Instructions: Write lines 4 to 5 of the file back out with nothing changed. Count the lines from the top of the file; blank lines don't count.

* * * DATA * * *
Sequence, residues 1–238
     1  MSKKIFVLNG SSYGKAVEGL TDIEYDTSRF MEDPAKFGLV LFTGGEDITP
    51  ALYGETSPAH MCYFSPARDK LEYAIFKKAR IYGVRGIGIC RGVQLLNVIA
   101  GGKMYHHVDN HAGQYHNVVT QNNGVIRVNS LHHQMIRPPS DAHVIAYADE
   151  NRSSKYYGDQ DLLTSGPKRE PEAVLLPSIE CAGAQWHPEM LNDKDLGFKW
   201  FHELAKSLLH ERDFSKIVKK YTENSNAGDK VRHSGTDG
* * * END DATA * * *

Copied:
   101  GGKMYHHVDN HAGQYHNVVT QNNGVIRVNS LHHQMIRPPS DAHVIAYADE
   151  NRSSKYYGDQ DLLTSGPKRE PEAVLLPSIE CAGAQWHPEM LNDKDLGFKW